Yes it does! Various crops are sensitive to water stress at different growth stages. The rule of thumb is that reproduction is sensitive to low moisture. The amount of moisture available at the different growth stages can affect how well the plants grow, their resistance to disease, and the yield of the crop. So farmers need to manage when they irrigate just as much as when they harvest!
The reproductive stage for crops refers to when they flower, but also includes the seed- or grain-filling stage. It is within these stages where the crop demands water at the highest. Water demands can even vary depending on how dry the day is – as influenced by sunlight, wind speed, and temperature.
Using wheat as an example: Research has found that roots in wheat are seen to three feet deep near flowering and are able to use available soil moisture in that depth. But wheat roots are still short early in the season. Wheat plants are very sensitive to water stress when the plants are producing tillers. If the soil is too dry for a long period during the tiller-producing stage, yield is affected. The number of tillers per unit area is reduced when rainfall is lacking and, especially during a drought year. In this situation, irrigation during the tiller-producing stage of growth is needed to achieve an optimal yield. This is something wheat farmers have to watch for in their fields to make sure they have a successful yield – especially when it is too dry!
Another factor in the success of wheat crops is having water available when the seeds start growing. Wheat seeds start off with a milky texture inside, and eventually become more starchy, protein-rich seed. Farmers are encouraged to watch their fields after the flowering stage, and to make sure their plants have the moisture they need to produce good seed grains. Another strategy is to irrigate just before flowering and allow wheat heads to stay a bit drier for a period while flowering – this strategy can suppress diseases!
The amount of water needed is dependent on the farm’s location. Humid locations with high rainfall amounts may get by adding at least an inch or two more after flowering spread out into multiple events. In arid to semi-arid areas, a relatively higher irrigation amount is expected than in humid environments.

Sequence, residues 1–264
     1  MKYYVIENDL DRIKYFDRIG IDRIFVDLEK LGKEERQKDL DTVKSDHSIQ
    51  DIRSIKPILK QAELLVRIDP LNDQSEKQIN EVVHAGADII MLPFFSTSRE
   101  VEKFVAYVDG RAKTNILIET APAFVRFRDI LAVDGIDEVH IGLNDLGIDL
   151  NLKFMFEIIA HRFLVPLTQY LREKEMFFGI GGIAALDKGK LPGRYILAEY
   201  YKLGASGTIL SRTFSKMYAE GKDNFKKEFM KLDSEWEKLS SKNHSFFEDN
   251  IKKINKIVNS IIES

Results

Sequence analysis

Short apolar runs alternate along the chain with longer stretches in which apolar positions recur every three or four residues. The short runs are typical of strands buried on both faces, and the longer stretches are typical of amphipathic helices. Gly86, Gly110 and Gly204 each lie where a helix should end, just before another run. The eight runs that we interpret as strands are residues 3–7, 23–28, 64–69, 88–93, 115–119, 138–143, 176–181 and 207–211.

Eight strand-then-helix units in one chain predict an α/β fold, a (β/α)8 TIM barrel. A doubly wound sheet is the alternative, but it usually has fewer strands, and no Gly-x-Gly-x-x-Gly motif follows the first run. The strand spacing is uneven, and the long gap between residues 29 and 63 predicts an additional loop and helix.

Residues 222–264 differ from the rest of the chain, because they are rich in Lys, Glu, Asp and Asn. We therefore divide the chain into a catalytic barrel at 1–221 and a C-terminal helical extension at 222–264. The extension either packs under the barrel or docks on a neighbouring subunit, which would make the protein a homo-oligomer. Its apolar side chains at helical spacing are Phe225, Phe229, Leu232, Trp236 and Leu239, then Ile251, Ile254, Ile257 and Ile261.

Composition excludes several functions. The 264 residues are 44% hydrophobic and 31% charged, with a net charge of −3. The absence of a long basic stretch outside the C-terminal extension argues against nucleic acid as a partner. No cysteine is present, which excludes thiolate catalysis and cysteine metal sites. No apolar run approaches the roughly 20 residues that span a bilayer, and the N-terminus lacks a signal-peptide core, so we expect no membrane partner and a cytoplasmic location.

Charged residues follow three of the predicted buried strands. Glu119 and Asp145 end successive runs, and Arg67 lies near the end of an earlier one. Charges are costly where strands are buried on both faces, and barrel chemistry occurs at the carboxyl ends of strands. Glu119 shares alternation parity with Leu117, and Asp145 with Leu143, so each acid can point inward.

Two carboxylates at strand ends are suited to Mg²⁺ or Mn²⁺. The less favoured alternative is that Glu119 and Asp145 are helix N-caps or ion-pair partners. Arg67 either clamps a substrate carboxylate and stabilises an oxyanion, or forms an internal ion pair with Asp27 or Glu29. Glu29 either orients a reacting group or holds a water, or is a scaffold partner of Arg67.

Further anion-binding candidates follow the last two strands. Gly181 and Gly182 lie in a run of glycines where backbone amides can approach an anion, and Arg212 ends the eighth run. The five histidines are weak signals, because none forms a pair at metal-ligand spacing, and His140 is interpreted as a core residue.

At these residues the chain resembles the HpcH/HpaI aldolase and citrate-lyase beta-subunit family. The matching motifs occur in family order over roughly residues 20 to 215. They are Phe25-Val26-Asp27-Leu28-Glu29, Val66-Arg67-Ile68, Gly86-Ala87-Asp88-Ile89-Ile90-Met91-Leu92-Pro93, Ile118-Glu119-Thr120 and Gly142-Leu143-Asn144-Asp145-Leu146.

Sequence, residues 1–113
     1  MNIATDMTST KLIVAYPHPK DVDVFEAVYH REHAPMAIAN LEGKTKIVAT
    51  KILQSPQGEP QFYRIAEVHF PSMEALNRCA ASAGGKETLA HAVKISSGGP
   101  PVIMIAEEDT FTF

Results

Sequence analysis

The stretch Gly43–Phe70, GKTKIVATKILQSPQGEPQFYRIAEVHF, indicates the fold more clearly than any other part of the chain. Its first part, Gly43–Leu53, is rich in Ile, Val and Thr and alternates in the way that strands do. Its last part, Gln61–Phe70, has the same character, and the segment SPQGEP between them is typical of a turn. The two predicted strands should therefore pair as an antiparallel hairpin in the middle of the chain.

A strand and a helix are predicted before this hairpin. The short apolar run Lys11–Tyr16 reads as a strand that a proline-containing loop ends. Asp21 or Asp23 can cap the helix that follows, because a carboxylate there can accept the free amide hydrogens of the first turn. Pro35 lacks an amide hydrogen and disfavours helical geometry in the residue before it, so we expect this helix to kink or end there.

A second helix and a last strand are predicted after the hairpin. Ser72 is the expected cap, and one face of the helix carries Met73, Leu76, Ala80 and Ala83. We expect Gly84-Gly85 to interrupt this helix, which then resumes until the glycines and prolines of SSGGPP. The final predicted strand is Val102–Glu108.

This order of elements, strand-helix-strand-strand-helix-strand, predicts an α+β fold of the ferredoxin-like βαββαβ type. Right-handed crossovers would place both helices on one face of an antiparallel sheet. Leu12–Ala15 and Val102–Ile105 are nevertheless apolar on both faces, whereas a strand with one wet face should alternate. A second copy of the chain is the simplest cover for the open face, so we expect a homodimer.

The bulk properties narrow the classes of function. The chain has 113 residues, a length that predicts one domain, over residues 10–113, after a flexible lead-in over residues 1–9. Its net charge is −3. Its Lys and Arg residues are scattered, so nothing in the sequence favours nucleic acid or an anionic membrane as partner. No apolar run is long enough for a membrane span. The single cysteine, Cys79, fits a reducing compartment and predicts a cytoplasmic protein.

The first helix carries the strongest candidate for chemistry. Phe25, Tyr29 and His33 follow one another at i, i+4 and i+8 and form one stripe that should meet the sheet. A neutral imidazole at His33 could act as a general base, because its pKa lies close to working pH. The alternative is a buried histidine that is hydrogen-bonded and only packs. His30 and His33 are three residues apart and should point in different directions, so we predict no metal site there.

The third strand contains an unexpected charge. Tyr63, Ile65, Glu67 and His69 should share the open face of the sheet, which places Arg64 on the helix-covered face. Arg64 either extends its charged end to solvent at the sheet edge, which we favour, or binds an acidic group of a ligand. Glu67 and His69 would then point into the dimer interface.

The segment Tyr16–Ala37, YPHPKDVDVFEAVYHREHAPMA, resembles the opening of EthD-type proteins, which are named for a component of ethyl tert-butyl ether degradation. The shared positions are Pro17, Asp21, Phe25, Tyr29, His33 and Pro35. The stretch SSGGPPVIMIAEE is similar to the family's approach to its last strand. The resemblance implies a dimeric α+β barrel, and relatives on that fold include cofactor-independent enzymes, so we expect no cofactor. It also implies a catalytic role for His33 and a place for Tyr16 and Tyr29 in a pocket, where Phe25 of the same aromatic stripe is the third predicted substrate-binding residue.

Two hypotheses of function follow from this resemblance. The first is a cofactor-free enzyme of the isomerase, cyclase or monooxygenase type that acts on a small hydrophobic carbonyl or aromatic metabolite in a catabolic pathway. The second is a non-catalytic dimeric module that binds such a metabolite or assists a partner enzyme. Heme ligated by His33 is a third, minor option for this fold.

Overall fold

Of course, in many locations, water is limited. So, that’s why scientists study the timing of irrigation and yield results. Farmers then apply this information to make best decisions for their fields. They “scout” their fields, testing the grains to evaluate if they are more milky, or starchy. Wheat is even sensitive to breaking down the starches produced (into sugars) if growers aren’t careful about their water management plans. Once wheat seed grains feels soft and springy, the potential yield loss from water stresses is reduced.
Another crop example is soybean. Soybeans are deep-rooted, with a taproot that extends at least one-half inch per day! When they reach the begin-pod stage (R3, see photo), roots have already grown at least 3-feet deep. When farming at a dry and low-rainfall environment on a sandy soil, irrigation may be needed before R3 stage. But, in sub-humid areas with rainfall events from crop establishment before R3 and planted on fine-textured soil, waiting until the R3 stage to irrigate is proven not to lose any yield. Using this strategy, we observed that soybean has a much more controlled leaf growth. Too much leaf growth in soybean can be counterproductive. Also, constant wetting of petals at the flowering stage – in any crop – can increase the incidence of diseases.
Waiting until R3 to irrigate in sub-humid to humid locations, we use a caveat: irrigation ‘catch up’ is required to fill the soil. At this stage, it is common that a crop uses an estimate of 0.20-0.40 inch per day depending on your geographic location. Irrigation catch-up, of course, is minimized with the occurrence of rainfall.
The takeaway for soybean is this: too much early-watering produces large leaves, which are hard for the plants to maintain later on. Plants end up using large amounts of energy to maintain the accumulated leaves than for making seeds. In wheat, too much watering later in the season does not increase yield or quality.
Have you grown a potted tomato in your backyard? In my experience, I love watering them because I want my tomatoes to be lush and as big as possible. However, too much water can be a problem. My tomato plants can get so big, with large leaves, I can’t catch up with watering especially when the day is so hot and dry. They wilt when I get home late in the afternoon. It might be a better idea for me to allow my tomatoes to have less water at the initial growth stage – and then the smaller plants will have a more steady use of water while I’m at work! Applying my research knowledge of water management in crops to my home garden will result in fewer, but tastier and healthier tomatoes!
Answered by Jessica A. Torrion, Montana State University
Watch this video Managing Water in Gardens and Farms – Agronomy Feeds the World to learn more.
About us: This blog is sponsored and written by members of the American Society of Agronomy and Crop Science Society of America. Our members are researchers and trained, certified, professionals in the areas of growing our world’s food supply while protecting our environment. We work at universities, government research facilities, and private businesses across the United States and the world.